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Principles of Vibration and Sound

Principles of Vibration and Sound

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Some years ago we set out to write a detailed book about the basic physics of musical instruments. There have been many admirable books published about the history of the development of musical instruments, about their construction as a master craft, and about their employment in musical perfor mance; several excellent books have treated the acoustics of musical instru ments in a semiquantitative way; but none to our knowledge had then at tempted to assemble the hard acoustic information available in the research literature and to make it available to a wider readership. Our book The Physics of Musical Instruments, published by Springer-Verlag in 1991 and subsequently reprinted several times with only minor corrections, was the outcome of our labor. Because it was our aim to make our discussion of musical instruments as complete and rigorous as possible, our book began with a careful introduction to vibrating and radiating systems important in that field. We treated simple linear oscillators, both in isolation and coupled together, and extended that to a discussion of some aspects of driven and autonomous nonlinear oscilla tors. Because musical instruments are necessarily extended structures, we then went on to discuss the vibrations of strings, bars, membranes, plates, and shells, paying particular attention to the mode structures and characteristic frequencies, for it is these that are musically important.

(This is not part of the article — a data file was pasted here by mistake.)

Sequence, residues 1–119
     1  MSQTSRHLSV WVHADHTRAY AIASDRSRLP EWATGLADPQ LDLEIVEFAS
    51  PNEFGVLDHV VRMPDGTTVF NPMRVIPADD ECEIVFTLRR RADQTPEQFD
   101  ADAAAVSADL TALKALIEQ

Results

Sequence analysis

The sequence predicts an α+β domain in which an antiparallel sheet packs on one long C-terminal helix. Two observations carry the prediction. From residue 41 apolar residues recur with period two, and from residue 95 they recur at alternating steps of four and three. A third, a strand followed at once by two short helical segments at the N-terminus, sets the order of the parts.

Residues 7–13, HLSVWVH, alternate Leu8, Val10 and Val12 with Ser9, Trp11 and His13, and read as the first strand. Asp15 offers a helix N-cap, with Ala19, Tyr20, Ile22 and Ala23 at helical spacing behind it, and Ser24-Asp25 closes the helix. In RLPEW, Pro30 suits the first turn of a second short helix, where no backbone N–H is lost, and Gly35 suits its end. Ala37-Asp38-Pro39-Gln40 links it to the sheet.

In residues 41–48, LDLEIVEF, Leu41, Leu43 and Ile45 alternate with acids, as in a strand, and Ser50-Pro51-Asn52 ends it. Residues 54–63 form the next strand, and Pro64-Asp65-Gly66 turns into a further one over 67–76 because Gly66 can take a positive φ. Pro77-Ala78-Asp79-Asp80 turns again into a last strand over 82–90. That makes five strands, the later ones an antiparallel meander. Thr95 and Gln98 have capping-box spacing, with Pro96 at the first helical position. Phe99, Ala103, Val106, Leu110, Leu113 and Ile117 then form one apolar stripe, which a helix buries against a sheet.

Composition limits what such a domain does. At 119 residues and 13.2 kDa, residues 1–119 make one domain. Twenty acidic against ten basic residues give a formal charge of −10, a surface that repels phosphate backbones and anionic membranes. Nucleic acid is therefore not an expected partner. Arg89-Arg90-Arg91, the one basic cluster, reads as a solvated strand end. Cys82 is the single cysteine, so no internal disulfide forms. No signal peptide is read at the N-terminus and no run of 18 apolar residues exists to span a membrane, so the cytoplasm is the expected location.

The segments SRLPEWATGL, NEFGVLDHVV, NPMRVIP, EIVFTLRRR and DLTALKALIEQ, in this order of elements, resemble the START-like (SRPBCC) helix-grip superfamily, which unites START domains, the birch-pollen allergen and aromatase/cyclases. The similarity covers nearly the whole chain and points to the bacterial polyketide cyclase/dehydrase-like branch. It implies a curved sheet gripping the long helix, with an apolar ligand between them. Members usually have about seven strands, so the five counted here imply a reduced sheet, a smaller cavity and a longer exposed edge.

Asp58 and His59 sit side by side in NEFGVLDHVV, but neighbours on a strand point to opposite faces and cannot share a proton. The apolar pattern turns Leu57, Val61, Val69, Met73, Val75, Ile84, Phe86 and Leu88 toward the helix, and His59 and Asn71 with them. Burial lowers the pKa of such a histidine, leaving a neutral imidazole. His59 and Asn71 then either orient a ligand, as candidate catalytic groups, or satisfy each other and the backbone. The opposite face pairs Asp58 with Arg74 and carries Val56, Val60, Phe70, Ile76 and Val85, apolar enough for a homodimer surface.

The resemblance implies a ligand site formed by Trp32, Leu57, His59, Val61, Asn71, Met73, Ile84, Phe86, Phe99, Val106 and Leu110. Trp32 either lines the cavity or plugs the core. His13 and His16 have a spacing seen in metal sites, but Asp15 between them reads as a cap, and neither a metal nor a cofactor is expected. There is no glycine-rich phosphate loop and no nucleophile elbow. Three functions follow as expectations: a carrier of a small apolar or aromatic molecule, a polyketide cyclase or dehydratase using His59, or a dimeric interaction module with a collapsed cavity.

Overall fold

I Vibrating Systems.- 1 Free and Forced Vibrations of Simple Systems.- 1.1. Simple Harmonic Motion in One Dimension.- 1.2. Complex Amplitudes.- 1.3. Superposition of Two Harmonic Motions in One Dimension.- 1.4. Energy.- 1.5. Damped Oscillations.- 1.6. Other Simple Vibrating Systems.- 1.7. Forced Oscillations.- 1.8. Transient Response of an Oscillator.- 1.9. Two-Dimensional Harmonic Oscillator.- 1.10. Graphical Representations of Vibrations: Lissajous Figures.- 1.11. Normal Modes of Two-Mass Systems.- 1.12. Nonlinear Vibrations of a Simple System.- A.1. Alternative Ways of Expressing Harmonic Motion.- A.2. Equivalent Electrical Circuit for a Simple Oscillator.- References.- 2 Continuous Systems in One Dimension: Strings and Bars.- 2.1. Linear Array of Oscillators.- 2.2. Transverse Wave Equation for a String.- 2.3. General Solution of the Wave Equation: Traveling Waves.- 2.4. Reflection at Fixed and Free Ends.- 2.5. Simple Harmonic Solutions to the Wave Equation.- 2.6. Standing Waves.- 2.7. Energy of a Vibrating String.- 2.8. Plucked String: Time and Frequency Analyses.- 2.9. Struck String.- 2.10. Bowed String.- 2.11. Driven String Impedance.- 2.12. Motion of the End Supports.- 2.13. Damping.- 2.14. Longitudinal Vibrations of a String or Thin Bar.- 2.15. Bending Waves in a Bar.- 2.16. Bars with Fixed and Free Ends.- 2.17. Vibrations of Thick Bars: Rotary Inertia and Shear Deformation.- 2.18. Vibrations of a Stiff String.- 2.19. Dispersion in Stiff and Loaded Strings: Cutoff Frequency.- 2.20. Torsional Vibrations of a Bar.- References.- 3 Two-Dimensional Systems: Membranes and Plates.- 3.1. Wave Equation for a Rectangular Membrane.- 3.2. Square Membranes: Degeneracy.- 3.3. Circular Membranes.- 3.4. Real Membranes: Stiffness and Air Loading.- 3.5. Waves in a Thin Plate.- 3.6. Circular Plates.- 3.7. Elliptical Plates.- 3.8. Rectangular Plates.- 3.9. Square Plates.- 3.10. Square and Rectangular Plates with Clamped Edges.- 3.11. Rectangular Wood Plates.- 3.12. Bending Stiffness in a Membrane.- 3.13. Shallow Spherical Shells.- 3.14. Nonlinear Vibrations in Plates and Shallow Shells.- 3.15. Driving Point Impedance.- References.- 4 Coupled Vibrating Systems.- 4.1. Coupling Between Two Identical Vibrators.- 4.2. Normal Modes.- 4.3. Weak and Strong Coupling.- 4.4. Forced Vibrations.- 4.5. Coupled Electrical Circuits.- 4.6. Forced Vibration of a Two-Mass System.- 4.7. Systems with Many Masses.- 4.8. Graphical Representation of Frequency Response Functions.- 4.9. Vibrating String Coupled to a Soundboard.- 4.10. Two Strings Coupled by a Bridge.- A.1. Structural Dynamics and Frequency Response Functions.- A.2. Modal Analysis.- A.3. Finite Element Analysis.- References.- 5 Nonlinear Systems.- 5.1. A General Method of Solution.- 5.2. Illustrative Examples.- 5.3. The Self-Excited Oscillator.- 5.4. Multimode Systems.- 5.5. Mode Locking in Self-Excited Systems.- References.- II Sound Waves.- 6 Sound Waves in Air.- 6.1. Plane Waves.- 6.2. Spherical Waves.- 6.3. Sound Pressure Level and Intensity.- 6.4. Reflection and Transmission.- 6.5. Absorption.- 6.6. Normal Modes in Cavities.- References.- 7 Sound Radiation.- 7.1. Simple Multipole Sources.- 7.2. Pairs of Point Sources.- 7.3. Arrays of Point Sources.- 7.4. Radiation from a Spherical Source.- 7.5. Line Sources.- 7.6. Radiation from a Plane Source in a Baffle.- 7.7. Unbaffled Radiators.- 7.8. Radiation from Large Plates.- References.- 8 Pipes and Horns.- 8.1. Infinite Cylindrical Pipes.- 8.2. Wall Losses.- 8.3. Finite Cylindrical Pipes.- 8.4. Radiation from a Pipe.- 8.5. Impedance Curves.- 8.6. Horns.- 8.7. Finite Conical and Exponential Horns.- 8.8. Bessel Horns.- 8.9. Compound Horns.- 8.10. Perturbations.- 8.11. Numerical Calculations.- 8.12. The Time Domain.- References.- 9 Acoustic Systems.- 9.1. Low-Frequency Components and Systems.- 9.2. High-Frequency Components and Systems.- 9.3. Finite Horns.- 9.4. Coupled Mechanical Components.- 9.5. Multi-Port Systems.- 9.6. Conclusion.- References.- Selected Bibliography.- Problems.- Answers to Selected Problems.- Name Index.
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